At least 19 children have been killed in a fire which raced through a dormitory at a school in Guyana, as authorities investigate whether it was deliberately set.
All but one of the victims were indigenous girls, officials said.
“This is a horrific incident. It’s tragic. It’s painful,” President Irfaan Ali said, adding that his government was mobilising all possible resources as he requested help from the region to identify the remains of 13 bodies.
The fire broke out at about 10.50pm on Sunday in the dormitory building of a secondary school that serves remote, mostly indigenous villages and is located in the border town of Mahdia, a gold and diamond mining community about 200 miles south of the capital, Georgetown, the government said in a statement.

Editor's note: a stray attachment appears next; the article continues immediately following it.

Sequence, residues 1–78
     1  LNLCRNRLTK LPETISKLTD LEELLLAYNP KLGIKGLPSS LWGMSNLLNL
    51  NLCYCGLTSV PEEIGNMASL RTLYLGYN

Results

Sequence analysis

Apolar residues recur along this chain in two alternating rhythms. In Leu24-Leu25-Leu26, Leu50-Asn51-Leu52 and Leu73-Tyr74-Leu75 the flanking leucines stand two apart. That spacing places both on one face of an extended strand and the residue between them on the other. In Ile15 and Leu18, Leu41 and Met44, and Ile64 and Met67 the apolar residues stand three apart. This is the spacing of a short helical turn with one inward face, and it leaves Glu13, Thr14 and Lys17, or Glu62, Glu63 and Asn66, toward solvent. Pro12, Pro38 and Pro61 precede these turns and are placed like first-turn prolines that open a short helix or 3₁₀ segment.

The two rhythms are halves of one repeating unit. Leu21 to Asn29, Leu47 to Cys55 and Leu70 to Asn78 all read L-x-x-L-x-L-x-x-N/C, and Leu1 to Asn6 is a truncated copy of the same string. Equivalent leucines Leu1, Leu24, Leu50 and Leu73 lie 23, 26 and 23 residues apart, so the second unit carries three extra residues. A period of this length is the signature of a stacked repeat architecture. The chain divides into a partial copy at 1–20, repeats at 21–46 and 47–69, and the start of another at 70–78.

Deputy fire chief Dwayne Scotland said “the fire was maliciously set” and began in the building’s south-west corner.
Police chief Clifton Hicken added that “initial investigations suggest that it was maliciously set” and said that while the girls’ dormitory had five doors, iron grill work trapped them inside.
“This is the saddest day of my life as president. I wish it had not occurred,” Mr Ali said.
Thirteen girls and a young boy died in the dormitory and five died in hospital, the government said.
“When firefighters arrived on the scene, the building was already completely engulfed in flames,” Guyana’s fire service said in a statement.
“Our heartfelt sympathy goes out to the relatives and friends of those young souls.”
Officials said two children remain in a critical condition and four have severe injuries.